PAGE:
Honeyed Pear Clafouti Tart by Caitlin
This clafouti, a delicious confection of pear, honey and a hint of lemon, will not last long once you take it out of the oven. The quality of the honey will really influence the final product. For this reason, I highly recommend using at least 2 tb artisanal honey, out of the 5 tb the recipe calls for. I used a lovely autumnal honey blend from an organic farm in Quebec, which I bought in Montreal’s Jean Talon Market at a store that stocks food products from all over Quebec called Marche des Saveurs. The selection was incredible, I had so much trouble choosing just one jar to take home! This recipe is a perfect showcase for that really nice flavourful, you splurged at the farmers market jar of honey; in fact the taste of honey in the first bite of this clafouti can almost be overpowering when you have a warm piece, but the flavour seems to fade a little when it is served at room temperature.
We all reach a day where we ask ourselves: what the heck am I going to make for supper tonight? Tired of the traditional, same old recipes we've been making for years, we yearn for something new and different to delight our tastebuds. Look for no further: THIS is that dish. This is tonight's dinner. (okay it can be tomorrow's if you've already made something. But seriously. Try it. You won't regret it.)
I love reading, and sometimes I like to take a break from fiction and read a chef's memoir. I find them fascinating, learning about what the inner sanctum of a restaurant kitchen is really like, the chef's background, working oneself up from kitchen help to line cook to sous chef to executive chef - and of course I love the food, the descriptions, the different techniques and flavours. The last one I picked up was Yes, Chef by Marcus Samuelsson. Ethiopian-born, Swedish-raised, European-educated, he ended up settling in the U.S. At one point Marcus, now an established chef, goes back to Ethiopia and the first dish he cooks in his native country is Doro Wat. I was so inspired I immediately googled recipes and cobbled together something that resulted in the most flavorful, tender, tastiest piece of chicken I've ever had.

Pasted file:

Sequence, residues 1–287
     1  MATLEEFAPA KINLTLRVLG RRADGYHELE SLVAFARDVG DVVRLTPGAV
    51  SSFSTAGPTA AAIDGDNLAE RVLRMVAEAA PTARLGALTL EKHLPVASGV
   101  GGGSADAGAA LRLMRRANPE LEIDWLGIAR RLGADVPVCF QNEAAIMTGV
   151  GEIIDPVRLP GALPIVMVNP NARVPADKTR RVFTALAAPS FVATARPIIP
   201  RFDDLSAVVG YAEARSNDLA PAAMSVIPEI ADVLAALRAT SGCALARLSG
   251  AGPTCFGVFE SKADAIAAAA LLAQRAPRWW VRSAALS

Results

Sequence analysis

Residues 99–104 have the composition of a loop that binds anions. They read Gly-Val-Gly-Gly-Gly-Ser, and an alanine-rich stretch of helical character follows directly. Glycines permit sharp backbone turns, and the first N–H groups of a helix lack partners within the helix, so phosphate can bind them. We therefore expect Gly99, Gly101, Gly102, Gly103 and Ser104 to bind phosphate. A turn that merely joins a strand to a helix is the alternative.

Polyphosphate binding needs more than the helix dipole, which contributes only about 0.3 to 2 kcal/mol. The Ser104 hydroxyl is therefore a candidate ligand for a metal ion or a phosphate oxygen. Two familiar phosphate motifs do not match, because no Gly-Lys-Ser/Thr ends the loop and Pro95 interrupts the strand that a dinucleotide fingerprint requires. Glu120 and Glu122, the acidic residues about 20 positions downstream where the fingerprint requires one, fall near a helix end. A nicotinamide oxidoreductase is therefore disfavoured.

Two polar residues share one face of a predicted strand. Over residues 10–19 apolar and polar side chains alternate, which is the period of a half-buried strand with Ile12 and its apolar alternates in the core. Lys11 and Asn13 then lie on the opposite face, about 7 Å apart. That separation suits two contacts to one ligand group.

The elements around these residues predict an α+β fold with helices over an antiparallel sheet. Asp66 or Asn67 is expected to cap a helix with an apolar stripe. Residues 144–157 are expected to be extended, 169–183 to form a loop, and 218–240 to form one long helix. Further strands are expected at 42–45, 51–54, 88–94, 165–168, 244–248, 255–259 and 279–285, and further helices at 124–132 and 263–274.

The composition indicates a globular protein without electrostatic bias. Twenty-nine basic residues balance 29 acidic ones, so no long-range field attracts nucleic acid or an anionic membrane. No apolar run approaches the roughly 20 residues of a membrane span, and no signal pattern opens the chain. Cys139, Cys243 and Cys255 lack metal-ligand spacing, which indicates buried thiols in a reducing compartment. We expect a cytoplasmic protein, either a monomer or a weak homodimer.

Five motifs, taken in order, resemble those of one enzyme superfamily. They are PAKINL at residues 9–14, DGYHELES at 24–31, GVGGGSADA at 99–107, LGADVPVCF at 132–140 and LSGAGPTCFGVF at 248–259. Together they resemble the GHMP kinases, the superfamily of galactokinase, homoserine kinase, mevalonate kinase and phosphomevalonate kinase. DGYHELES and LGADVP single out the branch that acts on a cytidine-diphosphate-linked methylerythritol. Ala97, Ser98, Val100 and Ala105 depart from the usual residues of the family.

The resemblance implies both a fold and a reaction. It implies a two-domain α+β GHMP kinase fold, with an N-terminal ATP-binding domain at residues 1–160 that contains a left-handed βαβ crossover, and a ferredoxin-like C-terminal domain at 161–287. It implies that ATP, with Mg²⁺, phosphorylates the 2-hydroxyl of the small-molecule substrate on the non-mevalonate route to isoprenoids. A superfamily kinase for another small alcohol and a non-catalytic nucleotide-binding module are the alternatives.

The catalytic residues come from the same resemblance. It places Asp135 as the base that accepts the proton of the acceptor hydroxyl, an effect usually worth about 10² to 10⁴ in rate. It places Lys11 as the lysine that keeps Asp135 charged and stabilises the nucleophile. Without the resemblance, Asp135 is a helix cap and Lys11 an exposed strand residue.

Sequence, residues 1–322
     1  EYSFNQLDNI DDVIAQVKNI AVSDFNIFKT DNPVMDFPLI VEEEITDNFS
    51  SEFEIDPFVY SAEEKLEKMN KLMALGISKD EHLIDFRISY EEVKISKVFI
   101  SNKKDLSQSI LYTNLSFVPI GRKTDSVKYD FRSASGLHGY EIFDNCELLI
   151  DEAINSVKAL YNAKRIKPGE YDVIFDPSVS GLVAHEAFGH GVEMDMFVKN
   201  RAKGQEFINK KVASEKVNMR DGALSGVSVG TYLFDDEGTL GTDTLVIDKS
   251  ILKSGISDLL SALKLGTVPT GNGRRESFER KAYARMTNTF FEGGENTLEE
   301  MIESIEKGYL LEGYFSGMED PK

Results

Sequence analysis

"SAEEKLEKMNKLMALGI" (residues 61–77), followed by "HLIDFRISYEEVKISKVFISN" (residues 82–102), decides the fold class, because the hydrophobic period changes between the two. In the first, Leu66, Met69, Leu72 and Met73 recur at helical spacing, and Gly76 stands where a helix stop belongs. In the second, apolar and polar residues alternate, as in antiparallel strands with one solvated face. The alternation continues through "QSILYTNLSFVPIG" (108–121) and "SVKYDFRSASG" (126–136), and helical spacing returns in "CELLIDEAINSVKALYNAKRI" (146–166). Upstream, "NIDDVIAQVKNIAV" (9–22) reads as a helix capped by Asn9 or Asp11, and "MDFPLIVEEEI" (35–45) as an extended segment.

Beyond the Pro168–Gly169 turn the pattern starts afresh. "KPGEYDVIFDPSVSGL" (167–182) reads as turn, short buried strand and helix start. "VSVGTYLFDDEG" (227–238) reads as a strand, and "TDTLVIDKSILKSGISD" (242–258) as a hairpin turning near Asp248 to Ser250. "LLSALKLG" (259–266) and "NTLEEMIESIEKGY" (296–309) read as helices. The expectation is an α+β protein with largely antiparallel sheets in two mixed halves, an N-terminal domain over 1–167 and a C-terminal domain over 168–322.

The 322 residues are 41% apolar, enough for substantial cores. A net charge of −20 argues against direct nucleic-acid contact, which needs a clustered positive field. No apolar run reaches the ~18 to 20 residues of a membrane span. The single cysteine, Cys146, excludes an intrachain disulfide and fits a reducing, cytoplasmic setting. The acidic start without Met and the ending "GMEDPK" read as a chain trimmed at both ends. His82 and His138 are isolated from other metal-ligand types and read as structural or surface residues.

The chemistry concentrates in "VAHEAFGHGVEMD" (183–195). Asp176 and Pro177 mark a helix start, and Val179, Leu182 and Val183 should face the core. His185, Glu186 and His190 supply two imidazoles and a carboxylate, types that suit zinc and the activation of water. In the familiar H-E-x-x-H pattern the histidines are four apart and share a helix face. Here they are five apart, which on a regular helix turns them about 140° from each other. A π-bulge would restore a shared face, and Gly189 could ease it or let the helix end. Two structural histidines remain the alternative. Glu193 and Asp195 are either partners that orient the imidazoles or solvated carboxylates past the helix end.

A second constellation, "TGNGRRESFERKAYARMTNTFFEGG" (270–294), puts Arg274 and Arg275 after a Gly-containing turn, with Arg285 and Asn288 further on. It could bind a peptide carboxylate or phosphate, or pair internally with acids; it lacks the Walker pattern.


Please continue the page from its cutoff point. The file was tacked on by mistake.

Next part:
Marinated Salmon Cubes with a Fresh Green Salad
Delicious and so easy to make! This is less of a recipe, and more of a general technique to use for marinating the salmon.
Cube a filet of salmon
In a ziploc bag, add any or all of the following ingredients to your taste:
-soy sauce (just a dash or two of this)
-lemon juice (goes so well with fish)
I usually use equal amounts of the first three ingredients plus the lemon juice and garlic, but I was out of teriyaki sauce last night so I used duck sauce, soy sauce and white wine instead. Add the salmon cubes to the mixture in the ziploc bag and marinate for at least 30 minutes. Bake in the oven at 350 degrees for about 12 min. This technique can be used with whole slices of salmon as well, but of course the cooking time changes.
Enjoy with mashed potatoes, or for a healthy version on a bed of salad, as I did.
I made Caitlin's Garam Masala Soup last night as well. I didn't have any butternut squash, so I used sweet potato, carrots, and regular squash. I was so excited to find a kosher garam masala spice mix! I used a half teaspoon first but after blending I found it could use more so I added another half teaspoon.
It was delicious! It got rave reviews, my family loved it. Definitely going to be using garam masala in my soups from now on. Thanks for the recipe Caitlin!
Squash Garam Masala Soup by Caitlin
I decided to start with this recipe because it shows, in one word, how I often think about cooking. Improvisation is the word to remember when making this soup.